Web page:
Support against inflation: The relief packages help these households

The federal government has relief packages ready to counter high inflation.

Support against inflation: The relief packages help these households

The federal government has relief packages ready to counter high inflation. The Hans Böckler Foundation took a closer look at what they really bring to households. Conclusion of the study: The measures are socially balanced to a large extent, but can be improved.

Even if there are currently more frightening things than having to pay significantly more money for electricity, heat, fuel and groceries, the high cost of living is still a concern. And can be quite threatening for low-income households.

The federal government is aware of the needs of its citizens and the resulting threat to the economy and has therefore presented two relief packages with a total volume of around 30 billion euros. These include, among other things, a higher tax allowance, a flat-rate energy price for employees of EUR 300, an increase in the flat-rate for income-related expenses by EUR 200, a family allowance in the form of a one-time bonus of EUR 100 per child, and the elimination of the EEG surcharge in the second half of the year and the reduction in the energy tax on fuel for three months. And if you like, you can leave your car behind and buy a 9-euro ticket.

The Institute for Macroeconomics and Business Cycle Research of the Hans Böckler Foundation (IMK) took a closer look at whether the measures actually relieve citizens financially.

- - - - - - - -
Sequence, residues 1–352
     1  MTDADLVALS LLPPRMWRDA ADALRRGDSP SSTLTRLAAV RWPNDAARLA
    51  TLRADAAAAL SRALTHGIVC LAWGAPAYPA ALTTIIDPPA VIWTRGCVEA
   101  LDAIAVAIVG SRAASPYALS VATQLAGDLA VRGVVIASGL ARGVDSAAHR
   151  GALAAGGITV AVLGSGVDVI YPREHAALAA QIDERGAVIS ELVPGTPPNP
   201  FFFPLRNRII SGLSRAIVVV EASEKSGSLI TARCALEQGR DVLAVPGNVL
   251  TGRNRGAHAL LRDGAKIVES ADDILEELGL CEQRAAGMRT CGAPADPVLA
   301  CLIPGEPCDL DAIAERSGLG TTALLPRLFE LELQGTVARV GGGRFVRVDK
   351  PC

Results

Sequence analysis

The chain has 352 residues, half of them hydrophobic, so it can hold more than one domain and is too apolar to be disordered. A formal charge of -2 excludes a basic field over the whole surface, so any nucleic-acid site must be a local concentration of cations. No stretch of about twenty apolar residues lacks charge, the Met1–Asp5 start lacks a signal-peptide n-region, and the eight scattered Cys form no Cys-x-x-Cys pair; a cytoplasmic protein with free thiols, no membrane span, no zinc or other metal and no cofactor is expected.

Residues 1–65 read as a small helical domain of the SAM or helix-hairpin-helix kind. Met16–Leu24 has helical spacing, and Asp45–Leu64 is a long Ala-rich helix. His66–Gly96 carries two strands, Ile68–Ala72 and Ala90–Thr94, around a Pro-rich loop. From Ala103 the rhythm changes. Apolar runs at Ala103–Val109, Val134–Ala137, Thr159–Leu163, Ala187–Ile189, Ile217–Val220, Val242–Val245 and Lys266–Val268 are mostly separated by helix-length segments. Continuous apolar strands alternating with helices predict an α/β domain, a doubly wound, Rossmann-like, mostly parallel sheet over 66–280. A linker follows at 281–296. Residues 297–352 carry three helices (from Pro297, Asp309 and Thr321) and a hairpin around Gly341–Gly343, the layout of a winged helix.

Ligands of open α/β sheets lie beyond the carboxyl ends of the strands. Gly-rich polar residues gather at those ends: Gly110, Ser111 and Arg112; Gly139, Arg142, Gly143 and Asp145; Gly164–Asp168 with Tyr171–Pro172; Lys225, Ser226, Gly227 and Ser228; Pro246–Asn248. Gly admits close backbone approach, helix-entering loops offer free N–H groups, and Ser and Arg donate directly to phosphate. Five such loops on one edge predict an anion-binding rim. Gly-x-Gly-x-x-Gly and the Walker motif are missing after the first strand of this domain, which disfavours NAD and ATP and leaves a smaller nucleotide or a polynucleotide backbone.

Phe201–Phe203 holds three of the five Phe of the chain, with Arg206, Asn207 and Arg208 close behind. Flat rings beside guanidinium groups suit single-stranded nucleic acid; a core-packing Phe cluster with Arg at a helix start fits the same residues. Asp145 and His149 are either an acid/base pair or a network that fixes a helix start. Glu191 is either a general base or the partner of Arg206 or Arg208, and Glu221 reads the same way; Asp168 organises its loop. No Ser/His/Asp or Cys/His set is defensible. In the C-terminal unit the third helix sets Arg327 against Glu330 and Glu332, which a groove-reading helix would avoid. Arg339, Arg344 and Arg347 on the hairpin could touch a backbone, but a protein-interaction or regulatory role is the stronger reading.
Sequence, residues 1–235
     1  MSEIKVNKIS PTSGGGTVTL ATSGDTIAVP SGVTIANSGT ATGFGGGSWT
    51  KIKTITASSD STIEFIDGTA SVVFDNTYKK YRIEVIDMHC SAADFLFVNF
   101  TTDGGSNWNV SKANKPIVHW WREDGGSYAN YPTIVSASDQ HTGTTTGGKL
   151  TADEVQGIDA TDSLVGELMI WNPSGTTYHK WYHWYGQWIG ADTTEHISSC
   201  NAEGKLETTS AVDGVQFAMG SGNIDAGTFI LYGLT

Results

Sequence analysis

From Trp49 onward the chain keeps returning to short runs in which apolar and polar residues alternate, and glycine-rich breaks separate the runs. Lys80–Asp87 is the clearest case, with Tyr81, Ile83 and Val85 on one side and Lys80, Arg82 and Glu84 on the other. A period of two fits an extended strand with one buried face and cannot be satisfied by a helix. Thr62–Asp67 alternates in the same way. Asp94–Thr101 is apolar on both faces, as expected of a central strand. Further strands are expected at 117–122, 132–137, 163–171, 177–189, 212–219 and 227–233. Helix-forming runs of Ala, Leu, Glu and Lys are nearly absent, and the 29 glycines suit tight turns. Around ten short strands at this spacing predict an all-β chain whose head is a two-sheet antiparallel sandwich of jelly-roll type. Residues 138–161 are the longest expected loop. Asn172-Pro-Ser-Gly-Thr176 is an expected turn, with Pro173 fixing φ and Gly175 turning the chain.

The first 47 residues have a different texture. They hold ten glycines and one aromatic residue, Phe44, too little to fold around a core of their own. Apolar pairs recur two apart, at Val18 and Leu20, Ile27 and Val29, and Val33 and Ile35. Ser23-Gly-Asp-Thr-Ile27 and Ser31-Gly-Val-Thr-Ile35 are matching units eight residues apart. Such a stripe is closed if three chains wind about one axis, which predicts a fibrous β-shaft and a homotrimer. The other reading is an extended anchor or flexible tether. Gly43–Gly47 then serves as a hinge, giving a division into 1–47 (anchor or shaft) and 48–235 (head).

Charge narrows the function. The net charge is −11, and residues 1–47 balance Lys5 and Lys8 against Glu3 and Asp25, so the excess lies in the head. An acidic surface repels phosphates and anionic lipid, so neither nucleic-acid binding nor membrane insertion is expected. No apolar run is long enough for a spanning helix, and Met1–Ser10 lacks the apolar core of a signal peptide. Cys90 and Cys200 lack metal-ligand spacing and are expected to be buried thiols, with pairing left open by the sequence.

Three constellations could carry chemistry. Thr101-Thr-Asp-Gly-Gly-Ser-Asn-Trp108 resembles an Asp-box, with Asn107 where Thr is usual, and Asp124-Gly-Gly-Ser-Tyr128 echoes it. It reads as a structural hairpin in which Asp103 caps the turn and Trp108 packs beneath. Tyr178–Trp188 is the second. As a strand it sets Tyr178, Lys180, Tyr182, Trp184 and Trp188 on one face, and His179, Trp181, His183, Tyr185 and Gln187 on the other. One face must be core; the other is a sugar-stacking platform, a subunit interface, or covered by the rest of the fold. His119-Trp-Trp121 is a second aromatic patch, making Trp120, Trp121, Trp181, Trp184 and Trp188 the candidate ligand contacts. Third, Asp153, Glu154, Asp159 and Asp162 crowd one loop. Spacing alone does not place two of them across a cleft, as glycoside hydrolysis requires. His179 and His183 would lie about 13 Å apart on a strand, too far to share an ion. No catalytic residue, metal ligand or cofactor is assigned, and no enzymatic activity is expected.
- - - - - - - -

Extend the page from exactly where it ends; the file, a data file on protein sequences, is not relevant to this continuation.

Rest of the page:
Result: The two relief packages announced by the federal government compensate for the additional expenditure due to higher energy costs in typical working households to a considerable extent. Nevertheless, a noticeable gap remains in a number of households. However, the relief is socially balanced insofar as households with low and middle incomes in particular and families in particular are compensated for a particularly high proportion of the additional expenditure on energy.

According to the IMK calculations, the largest part of the relief results from changes in income tax law as well as from energy price flat rates and family allowances. "Households with low incomes benefit above all from the lump sum payments from the second package, households with high incomes primarily from the increases in allowances and lump sums in tax law," explains Prof. Dr. Sebastian Dullien, Scientific Director of the IMK.

Or more precisely: For a family with two working adults, two children and a below-average monthly net income of 2000 to 2600 euros, the relief adds up to around 90 percent of the additional burdens. In a comparable family with an average net income of 3,600 to 5,000 euros, the figure is 77 percent. The relief is noticeably lower for families in which only one parent is employed: it is 59 percent for a family of four with a net income of 2,600 to 3,600 euros. For single parents with two children and an average income for this type of household of 2,000 to 2,600 euros, the figure is 70 percent.

For employed persons living alone with a low net income of up to 900 euros, around 76 percent of the additional burdens due to more expensive energy are offset, for those with high incomes of more than 5,000 euros it is 44 percent.

There is a gap among pensioners, for whom only a small part (9 percent) of the additional energy price-related expenditure is now compensated by the state. In its latest forecast for 2022, the IMK expects an annual average inflation rate of 6.2 percent.

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